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Based on pictures, it seems to me that a vast majority of fish species that have scales do NOT have scales on their heads.

Is that fact true?

To make this properly answerable:

  • lets' define a "majority" as >70% of fish species. But frankly, I'm more interested in actual numerical answer than whether it passes some arbitrary threshold or not.

  • The universe which I'm interested in measuring the percentage are fish species that have "normal" (Cycloid and ctenoid is the technical term, I believe?) scales on their bodies.

    If that's not specific enough, you can restrict the universe to species in Actinopterygii (ray-finned) that have scales.

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    $\begingroup$ Shouldn't a majority be 50% + 1? Also are you referring to species or to total numbers? $\endgroup$ – kmm Mar 12 '12 at 1:33
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    $\begingroup$ @Kevin - species, as the first bullet point notes. As far as 70% vs 50%+, the question came out of an argument, for which mere 50%+ would not be a convincing enough number, whereas 70% would. And without a specific number, this would be a bad SE question (too vague) $\endgroup$ – DVK Mar 12 '12 at 1:49
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    $\begingroup$ (Should be comment, but rep=1.) This might be helpful (from Wikipedia): "The same genes involved in tooth and hair development in mammals are also involved in scale development." Mammals tend to have less hair on their face than on their bodies. If you can track down the reason for that, then you might have the same reason for fish, and then could use that to reason out your estimate. $\endgroup$ – dmm Sep 26 '13 at 22:14
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    $\begingroup$ aren't they just much smaller and softer so harder to see clearly as scales? $\endgroup$ – rg255 Sep 27 '13 at 5:51
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    $\begingroup$ @nico The description of majority you just presented is in fact erroneous. en.wikipedia.org/wiki/Majority#Erroneous_definitions $\endgroup$ – Charles Jul 28 '17 at 16:08
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I certainly agree with your general observation, but not being an ichthyologist, I can only offer a partial answer, based on a particular family of fish. Within the family Tripterygiidae, most species lack scales on their head, or have highly modified types of scales. A comparative study of 48 species showed that only 2 have "normal" scales of their head (Jawad, 2005).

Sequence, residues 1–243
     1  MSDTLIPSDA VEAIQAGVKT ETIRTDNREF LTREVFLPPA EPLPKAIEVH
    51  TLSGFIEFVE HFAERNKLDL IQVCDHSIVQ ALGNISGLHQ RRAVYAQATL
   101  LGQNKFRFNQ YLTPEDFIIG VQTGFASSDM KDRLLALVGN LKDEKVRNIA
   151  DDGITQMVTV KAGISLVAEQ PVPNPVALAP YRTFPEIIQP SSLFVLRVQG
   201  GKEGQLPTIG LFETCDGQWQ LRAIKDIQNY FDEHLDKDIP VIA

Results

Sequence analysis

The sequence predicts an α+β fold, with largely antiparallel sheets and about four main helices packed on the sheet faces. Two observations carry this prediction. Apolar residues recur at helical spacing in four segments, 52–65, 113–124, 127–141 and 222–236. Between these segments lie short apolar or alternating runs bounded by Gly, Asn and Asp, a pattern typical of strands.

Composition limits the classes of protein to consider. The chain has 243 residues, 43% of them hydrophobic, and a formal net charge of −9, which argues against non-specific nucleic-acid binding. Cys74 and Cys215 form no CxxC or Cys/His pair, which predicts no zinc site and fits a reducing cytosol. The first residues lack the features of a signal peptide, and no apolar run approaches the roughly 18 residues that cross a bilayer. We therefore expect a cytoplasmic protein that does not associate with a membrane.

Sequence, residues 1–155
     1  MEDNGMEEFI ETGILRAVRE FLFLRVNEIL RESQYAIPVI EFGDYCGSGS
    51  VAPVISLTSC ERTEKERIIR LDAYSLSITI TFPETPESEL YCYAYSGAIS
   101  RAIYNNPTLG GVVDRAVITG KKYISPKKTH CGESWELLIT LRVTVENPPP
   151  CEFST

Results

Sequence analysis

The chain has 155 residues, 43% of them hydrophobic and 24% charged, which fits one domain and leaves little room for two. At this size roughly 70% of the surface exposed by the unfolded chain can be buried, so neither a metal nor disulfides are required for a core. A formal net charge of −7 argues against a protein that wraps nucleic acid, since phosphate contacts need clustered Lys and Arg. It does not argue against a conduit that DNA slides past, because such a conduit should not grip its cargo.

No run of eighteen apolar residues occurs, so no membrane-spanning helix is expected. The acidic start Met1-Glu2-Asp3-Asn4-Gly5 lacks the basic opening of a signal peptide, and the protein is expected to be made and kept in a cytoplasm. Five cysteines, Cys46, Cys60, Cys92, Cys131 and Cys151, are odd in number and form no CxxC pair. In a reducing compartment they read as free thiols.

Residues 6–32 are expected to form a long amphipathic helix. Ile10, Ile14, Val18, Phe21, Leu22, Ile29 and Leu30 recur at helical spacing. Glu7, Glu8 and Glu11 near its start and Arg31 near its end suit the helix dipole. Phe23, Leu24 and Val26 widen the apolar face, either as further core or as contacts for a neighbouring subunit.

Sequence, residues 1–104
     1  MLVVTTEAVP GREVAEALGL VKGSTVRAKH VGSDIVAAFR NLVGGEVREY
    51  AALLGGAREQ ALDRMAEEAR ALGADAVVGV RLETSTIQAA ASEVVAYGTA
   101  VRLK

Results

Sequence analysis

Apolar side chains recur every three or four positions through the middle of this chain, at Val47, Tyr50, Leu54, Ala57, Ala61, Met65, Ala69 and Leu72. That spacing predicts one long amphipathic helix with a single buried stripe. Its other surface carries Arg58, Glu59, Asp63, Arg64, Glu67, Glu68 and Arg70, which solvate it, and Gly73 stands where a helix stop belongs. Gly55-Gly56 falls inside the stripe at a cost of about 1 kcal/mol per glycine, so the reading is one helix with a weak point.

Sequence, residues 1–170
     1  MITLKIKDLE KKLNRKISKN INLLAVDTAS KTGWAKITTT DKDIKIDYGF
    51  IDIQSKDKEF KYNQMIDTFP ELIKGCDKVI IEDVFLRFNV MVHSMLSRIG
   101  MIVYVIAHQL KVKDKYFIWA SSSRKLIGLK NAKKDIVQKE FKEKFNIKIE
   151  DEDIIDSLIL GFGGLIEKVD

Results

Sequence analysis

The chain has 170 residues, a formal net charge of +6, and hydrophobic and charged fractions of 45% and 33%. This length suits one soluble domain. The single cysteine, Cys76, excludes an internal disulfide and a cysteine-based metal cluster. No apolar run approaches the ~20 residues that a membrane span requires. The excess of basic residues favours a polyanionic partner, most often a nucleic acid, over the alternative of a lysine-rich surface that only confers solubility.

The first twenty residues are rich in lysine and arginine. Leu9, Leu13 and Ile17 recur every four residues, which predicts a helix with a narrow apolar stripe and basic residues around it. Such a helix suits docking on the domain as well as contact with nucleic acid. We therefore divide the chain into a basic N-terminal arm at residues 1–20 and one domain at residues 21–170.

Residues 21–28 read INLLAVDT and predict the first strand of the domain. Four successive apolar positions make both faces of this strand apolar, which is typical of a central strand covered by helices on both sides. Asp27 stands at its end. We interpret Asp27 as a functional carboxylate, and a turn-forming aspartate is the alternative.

The squamation pattern of the bases of the fins varies among species. The head is usually devoid of scales except for two species that have squamation with body- type scales (Matanui bathytaton (Hardy, 1989) and Norfolkia clarkei). Several species have head ctenoid scales modified into tiny spicules of different shapes (Acantha- nectes rufus Holleman & Buxton, 1993, Apopterygion oculus Fricke & Roberts, 1994, Axoclinus carminalis, Ceratobregma acanthops, Cremnochorites capensis, Ennea- nectes boehlkei Rosenblatt, 1960, Forsterygion malcolmi Hardy, 1987, Forsterygion varium (Forster, 1801), Karalepis stewarti, Matanui bathytaton, Norfolkia clarkei, Notoclinops caerulepunctus Hardy, 1989).

So far, I haven't found a broader comparative study, to support your general question. Someone more knowledge in the area and the literature can perhaps offer a more general answer. This is at least an indication that your observation might be correct.

Reference
Jawad. 2005. Comparative scale morphology and squamation patterns in triplefins (Pisces: Teleostei: Perciformes: Tripterygiidae). Tuhinga 16 (1), 137-168

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Based on a lack of written evidence, in searching Google and Google Scholar, I believe fish have scales on their heads, where I'm defining 'scales' as 'solid, protective bony scales' [see below], and I'm assuming the fish heads are covered with solid protective bony Big scales. I think a lack of scales on fish heads would be a fish fact that wouldn't be too difficult to find.

  1. Some fish lack scales altogether, such as gobies and toadfish: https://www.slideshare.net/gurya87/types-of-scales-in-fishes-44959366

  2. This wikipedia article mentions scales repeatedly [examples below] but says nothing about a lack of scales on fish heads -https://en.wikipedia.org/wiki/Fish_anatomy

a. The dermis is covered with overlapping scales.

b. The dermis of bony fish typically contains relatively little of the connective tissue found in tetrapods. Instead, in most species, it is largely replaced by solid, protective bony scales.

c. The outer body of many fish is covered with scales,

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    $\begingroup$ I can't find reference to it is not good justification. $\endgroup$ – John Mar 29 '18 at 15:34

protected by Chris Mar 31 '18 at 6:04

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